Robinson v. Thomas

Decision Date07 November 1956
Docket NumberNo. 244,244
Citation244 N.C. 732,94 S.E.2d 911
PartiesHubert A. ROBINSON v. Ethel M. THOMAS and Charlotte Rental Co., Inc.
CourtNorth Carolina Supreme Court

Carpenter & Webb, by William B. Webb, Charlotte, for plaintiff-appellant.

Helms & Mulliss, Fred B. Helms, Wm. H. Bobbitt, Jr., Charlotte, for defendant Ethel M. Thomas, appellee.

Cochran, McCleneghan & Miller, by F. A. McCleneghan, Charlotte, for defendant Charlotte Rental Company, Inc., appellee.

HIGGINS, Justice.

The plaintiff abandoned his exceptive assignment to the order striking parts of the complaint by his failure to support the assignment by argument, reason, or authority. Rule 28, Rules of Practice in the Supreme Court, 221 N.C. 544. The plaintiff offered evidence relating (1) to the stricken allegations of the complaint, (2) to other properties owned by the defendant, Mrs. Thomas, and (3) to the repairs made by the defendants after the plaintiff's injury. All the foregoing evidence was properly excluded.

Left for consideration is the sole question whether the evidence when considered in the light most favorable to the plaintiff, giving him the benefit of all permissible inferences which may be drawn from it, presents a case for the jury. If the evidence, when so considered, shows the defendants violated some legal duty they owed to the plaintiff and his injury and damage were the proximate result of that breach of duty, then he is entitled to have the jury pass upon his cause. Otherwise it ends here. Admittedly, there was no contract or guaranty the tenant would be safe in the leased premises. The law does not imply such a contract. The test of the landlord's liability is given in Harrill v. Sinclair Refining Co., 225 N.C. 421, 35 S.E.2d 240, 242:

'Ordinarily, the doctrine of caveat emptor applies to the lessee. Gaither v. Hascall-Richards Steam Generator Co., supra [121 N.C. 384, 28 S.E. 546]; Hudson v. Singleton Silk Co., 185 N.C. 342, 117 S.E. 165; Fields v. Ogburn, 178 N.C. 407, 100 S.E. 583. To avoid foreclosure under this doctrine in an action for tortious injury, he must show that there is a latent defect known to the lessor, or which he should have known, involving a menace or danger, and a defect of which the lessee was unaware or could not, by the exercise of ordinary diligence, discover, the concealment of which would be an act of bad faith on the part of the lessor. ' If the landlord is without knowledge, at the time of the letting of any dangerous defect in the premises, he is not responsible for any injuries which result from such defect.' Covington [Co.] v. Masonic Temple Co., 176 Ky. 729, 197 S.W. 420, 423, L.R.A.1918A, 436. And he is not liable if he did not believe or suspect that there was any physical condition involving danger. Charlton v. Brunelle, 82 N.H. 100, 130 A. 216, 43 A.L.R. 1281.'

Ordinarily, the landlord is under no duty to make repairs. Moss v. Hicks, 240 N.C. 788, 83 S.E.2d 890. The owner is not liable for personal injury caused by failure to repair. Pleasants v. Barnes, 211 N.C. 173, 19 S.E.2d 627; Simons v. Lebrun, 219 N.C. 42, 12 S.E.2d 644; Tucker v. Park Yarn Mill Co., 194 N.C. 756, 140 S.E. 744. Even in case of a contract to repair, liability for personal injury resulting from a breach of the agreement is ordinarily not within the contemplation of the parties. Mercer v. Williams, 210 N.C. 456, 187 S.E. 556; Jordan v. Miller, 179 N.C. 73, 101 S.E. 550. Only in case of repairs negligently mde is there liability. Fields v. Ogburn, 178 N.C. 407, 100 S.E. 583.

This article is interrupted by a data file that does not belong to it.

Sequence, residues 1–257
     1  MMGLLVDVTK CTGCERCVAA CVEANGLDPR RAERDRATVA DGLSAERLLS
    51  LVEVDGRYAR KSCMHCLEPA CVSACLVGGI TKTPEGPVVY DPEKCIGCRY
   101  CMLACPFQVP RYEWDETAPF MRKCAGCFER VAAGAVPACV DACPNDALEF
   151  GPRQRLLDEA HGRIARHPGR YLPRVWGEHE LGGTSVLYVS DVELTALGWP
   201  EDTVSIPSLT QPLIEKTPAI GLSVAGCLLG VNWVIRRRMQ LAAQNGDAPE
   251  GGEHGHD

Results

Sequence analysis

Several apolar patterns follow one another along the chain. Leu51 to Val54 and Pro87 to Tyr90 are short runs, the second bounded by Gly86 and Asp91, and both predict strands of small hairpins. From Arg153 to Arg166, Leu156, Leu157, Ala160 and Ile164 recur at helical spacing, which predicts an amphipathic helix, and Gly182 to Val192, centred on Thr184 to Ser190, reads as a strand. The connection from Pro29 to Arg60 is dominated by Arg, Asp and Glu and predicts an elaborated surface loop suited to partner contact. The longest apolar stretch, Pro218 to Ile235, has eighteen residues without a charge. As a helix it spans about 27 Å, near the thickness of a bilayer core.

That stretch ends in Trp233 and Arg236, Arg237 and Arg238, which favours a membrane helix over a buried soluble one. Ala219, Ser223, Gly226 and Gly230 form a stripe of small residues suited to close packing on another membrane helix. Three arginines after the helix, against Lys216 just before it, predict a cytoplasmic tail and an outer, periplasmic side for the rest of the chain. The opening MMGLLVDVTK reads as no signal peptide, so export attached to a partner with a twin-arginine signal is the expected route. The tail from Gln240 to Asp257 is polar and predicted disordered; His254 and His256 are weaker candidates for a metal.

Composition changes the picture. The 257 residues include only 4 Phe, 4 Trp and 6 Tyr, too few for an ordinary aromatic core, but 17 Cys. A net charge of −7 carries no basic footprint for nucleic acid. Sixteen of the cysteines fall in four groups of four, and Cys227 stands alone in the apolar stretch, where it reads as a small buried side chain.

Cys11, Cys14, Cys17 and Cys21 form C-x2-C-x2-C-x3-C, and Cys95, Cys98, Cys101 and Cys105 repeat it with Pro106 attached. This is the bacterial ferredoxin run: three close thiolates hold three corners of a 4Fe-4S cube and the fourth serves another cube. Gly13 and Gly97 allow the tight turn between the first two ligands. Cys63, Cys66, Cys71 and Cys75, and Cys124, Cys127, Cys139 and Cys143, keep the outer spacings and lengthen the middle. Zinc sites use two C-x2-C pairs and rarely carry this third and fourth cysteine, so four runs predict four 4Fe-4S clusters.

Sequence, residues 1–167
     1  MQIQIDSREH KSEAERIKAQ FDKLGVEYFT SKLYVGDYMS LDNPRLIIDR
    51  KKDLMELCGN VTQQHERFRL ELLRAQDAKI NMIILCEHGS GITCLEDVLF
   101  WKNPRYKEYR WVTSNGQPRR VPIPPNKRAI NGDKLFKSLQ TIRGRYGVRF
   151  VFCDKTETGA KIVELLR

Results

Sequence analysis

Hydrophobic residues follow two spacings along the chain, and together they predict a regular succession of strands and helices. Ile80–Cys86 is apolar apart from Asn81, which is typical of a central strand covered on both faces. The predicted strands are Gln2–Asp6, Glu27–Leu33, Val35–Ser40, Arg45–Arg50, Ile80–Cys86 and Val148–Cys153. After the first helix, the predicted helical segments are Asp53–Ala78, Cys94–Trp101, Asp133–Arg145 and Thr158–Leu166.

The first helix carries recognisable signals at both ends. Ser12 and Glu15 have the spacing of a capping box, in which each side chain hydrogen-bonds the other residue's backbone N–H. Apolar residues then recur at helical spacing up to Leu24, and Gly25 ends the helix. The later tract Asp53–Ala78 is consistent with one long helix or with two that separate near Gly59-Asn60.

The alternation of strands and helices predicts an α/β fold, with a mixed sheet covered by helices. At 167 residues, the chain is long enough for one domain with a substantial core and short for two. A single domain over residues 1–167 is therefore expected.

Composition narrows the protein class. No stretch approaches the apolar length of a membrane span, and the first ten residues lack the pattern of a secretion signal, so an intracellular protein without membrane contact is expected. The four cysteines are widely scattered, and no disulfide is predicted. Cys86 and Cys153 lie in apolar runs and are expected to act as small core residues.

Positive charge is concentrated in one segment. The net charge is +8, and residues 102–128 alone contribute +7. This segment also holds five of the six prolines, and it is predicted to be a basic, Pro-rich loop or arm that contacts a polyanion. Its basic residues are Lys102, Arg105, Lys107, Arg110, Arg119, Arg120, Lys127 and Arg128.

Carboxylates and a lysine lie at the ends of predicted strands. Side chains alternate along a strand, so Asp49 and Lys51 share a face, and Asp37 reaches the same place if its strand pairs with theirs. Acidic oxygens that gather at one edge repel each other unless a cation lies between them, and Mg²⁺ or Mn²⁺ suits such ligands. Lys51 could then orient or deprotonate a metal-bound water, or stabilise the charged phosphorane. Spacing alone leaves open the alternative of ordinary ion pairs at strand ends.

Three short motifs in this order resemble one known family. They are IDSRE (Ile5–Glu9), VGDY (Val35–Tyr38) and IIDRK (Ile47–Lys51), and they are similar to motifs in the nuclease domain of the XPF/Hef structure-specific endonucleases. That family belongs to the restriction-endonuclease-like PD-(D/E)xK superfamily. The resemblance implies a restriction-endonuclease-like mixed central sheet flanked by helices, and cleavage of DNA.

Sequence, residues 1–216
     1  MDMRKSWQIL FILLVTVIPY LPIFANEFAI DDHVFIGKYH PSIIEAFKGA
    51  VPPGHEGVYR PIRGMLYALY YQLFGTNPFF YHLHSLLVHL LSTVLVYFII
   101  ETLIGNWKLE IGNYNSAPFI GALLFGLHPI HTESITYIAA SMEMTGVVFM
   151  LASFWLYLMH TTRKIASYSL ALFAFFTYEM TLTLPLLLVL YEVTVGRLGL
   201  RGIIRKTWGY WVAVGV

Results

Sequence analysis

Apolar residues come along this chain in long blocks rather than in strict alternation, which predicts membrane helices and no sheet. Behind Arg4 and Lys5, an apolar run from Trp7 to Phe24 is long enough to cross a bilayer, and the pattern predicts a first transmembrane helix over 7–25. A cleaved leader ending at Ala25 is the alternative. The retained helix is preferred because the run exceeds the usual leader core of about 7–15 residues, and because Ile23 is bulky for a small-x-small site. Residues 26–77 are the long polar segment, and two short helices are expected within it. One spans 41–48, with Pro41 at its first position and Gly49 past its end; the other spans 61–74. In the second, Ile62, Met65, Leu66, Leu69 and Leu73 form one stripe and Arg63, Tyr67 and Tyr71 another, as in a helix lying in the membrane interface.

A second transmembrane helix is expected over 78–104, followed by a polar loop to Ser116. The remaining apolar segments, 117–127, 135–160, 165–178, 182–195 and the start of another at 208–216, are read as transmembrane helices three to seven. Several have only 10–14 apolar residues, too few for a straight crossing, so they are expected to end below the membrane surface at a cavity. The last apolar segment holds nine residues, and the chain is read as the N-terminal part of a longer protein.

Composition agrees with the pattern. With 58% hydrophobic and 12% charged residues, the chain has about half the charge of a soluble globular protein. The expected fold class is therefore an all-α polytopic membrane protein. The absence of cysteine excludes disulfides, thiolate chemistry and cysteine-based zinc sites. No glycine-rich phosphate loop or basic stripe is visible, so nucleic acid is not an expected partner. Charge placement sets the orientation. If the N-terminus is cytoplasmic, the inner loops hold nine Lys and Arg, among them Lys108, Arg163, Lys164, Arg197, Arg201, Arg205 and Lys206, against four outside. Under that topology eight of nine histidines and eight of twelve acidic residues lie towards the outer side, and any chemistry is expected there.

The plaintiff seeks to exclude himself from the application of the foregoing rules by alleging the defendants knew of latent and dangerous defects in the construction and maintenance of the porch floor and wrongfully concealed them from the plaintiff. There is no evidence in the record that Mrs. Thomas had any actual or constructive knowledge that the apartment was inherently dangerous, either by reason of construction or maintenance. In fact, there is no evidence s...

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10 cases
  • Lenz v. Ridgewood Associates
    • United States
    • North Carolina Court of Appeals
    • 15 Diciembre 1981
    ...rise to an action by the tenant for personal injury arising out of a defective condition of the demised premises. Robinson v. Thomas, 244 N.C. 732, 94 S.E.2d 911 (1956) (porch floor gave way); Harrill v. Refining Co., 225 N.C. 421, 35 S.E.2d 240 (1945) (service station door fell); Leavitt v......
  • J. A. Jones Const. Co. v. Local Union 755 of Intern. Broth. of Elec. Workers (A. F. of L.)
    • United States
    • North Carolina Supreme Court
    • 28 Junio 1957
    ...156 S.E. 126; State v. Bitings, 206 N.C. 798, 175 S.E. 299; Swinton v. Savoy Realty Co., 236 N.C. 723, 73 S.E.2d 785; Robinson v. Thomas, 244 N.C. 732, 94 S.E.2d 911. Upon motion of the defendants that Judge Sharp find the facts upon which the temporary restraining order of Judge Huskins wa......
  • Miller v. C.W. Myers Trading Post, Inc.
    • United States
    • North Carolina Court of Appeals
    • 5 Mayo 1987
    ...condition of leased premises. See Gaither v. Hascall-Richards Steam Generator Co., 121 N.C. 384, 28 S.E. 546 (1897); Robinson v. Thomas, 244 N.C. 732, 94 S.E.2d 911 (1956); see generally Fillette, North Carolina's Residential Rental Agreements Act: New Developments for Contract and Tort Lia......
  • Phillips v. Stowe Mills, Inc., 6927SC144
    • United States
    • North Carolina Court of Appeals
    • 18 Junio 1969 ordinarily not within the contemplation of the parties. Only in case of repairs negligently made is there liability. Robinson v. Thomas, 244 N.C. 732, 94 S.E.2d 911. The plaintiff asserts that the curtain wall was negligently constructed, because no drainage facilities were provided and ......
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